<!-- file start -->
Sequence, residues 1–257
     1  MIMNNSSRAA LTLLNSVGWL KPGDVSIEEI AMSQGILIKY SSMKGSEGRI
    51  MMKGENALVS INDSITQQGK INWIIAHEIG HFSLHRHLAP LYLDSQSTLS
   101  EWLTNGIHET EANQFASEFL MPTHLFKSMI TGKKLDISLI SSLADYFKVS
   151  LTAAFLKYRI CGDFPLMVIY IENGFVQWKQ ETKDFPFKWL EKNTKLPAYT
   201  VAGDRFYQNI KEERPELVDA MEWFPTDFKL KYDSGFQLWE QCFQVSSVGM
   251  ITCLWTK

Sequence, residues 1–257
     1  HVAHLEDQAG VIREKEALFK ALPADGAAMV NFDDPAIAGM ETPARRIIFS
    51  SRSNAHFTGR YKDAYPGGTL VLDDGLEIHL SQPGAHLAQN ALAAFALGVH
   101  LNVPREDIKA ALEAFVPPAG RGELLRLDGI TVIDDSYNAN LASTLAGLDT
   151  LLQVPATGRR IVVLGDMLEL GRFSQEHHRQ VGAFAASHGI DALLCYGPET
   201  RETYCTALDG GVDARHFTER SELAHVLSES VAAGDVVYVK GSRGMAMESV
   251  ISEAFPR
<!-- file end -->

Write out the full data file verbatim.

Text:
Sequence, residues 1–257
     1  MIMNNSSRAA LTLLNSVGWL KPGDVSIEEI AMSQGILIKY SSMKGSEGRI
    51  MMKGENALVS INDSITQQGK INWIIAHEIG HFSLHRHLAP LYLDSQSTLS
   101  EWLTNGIHET EANQFASEFL MPTHLFKSMI TGKKLDISLI SSLADYFKVS
   151  LTAAFLKYRI CGDFPLMVIY IENGFVQWKQ ETKDFPFKWL EKNTKLPAYT
   201  VAGDRFYQNI KEERPELVDA MEWFPTDFKL KYDSGFQLWE QCFQVSSVGM
   251  ITCLWTK

Sequence, residues 1–257
     1  HVAHLEDQAG VIREKEALFK ALPADGAAMV NFDDPAIAGM ETPARRIIFS
    51  SRSNAHFTGR YKDAYPGGTL VLDDGLEIHL SQPGAHLAQN ALAAFALGVH
   101  LNVPREDIKA ALEAFVPPAG RGELLRLDGI TVIDDSYNAN LASTLAGLDT
   151  LLQVPATGRR IVVLGDMLEL GRFSQEHHRQ VGAFAASHGI DALLCYGPET
   201  RETYCTALDG GVDARHFTER SELAHVLSES VAAGDVVYVK GSRGMAMESV
   251  ISEAFPR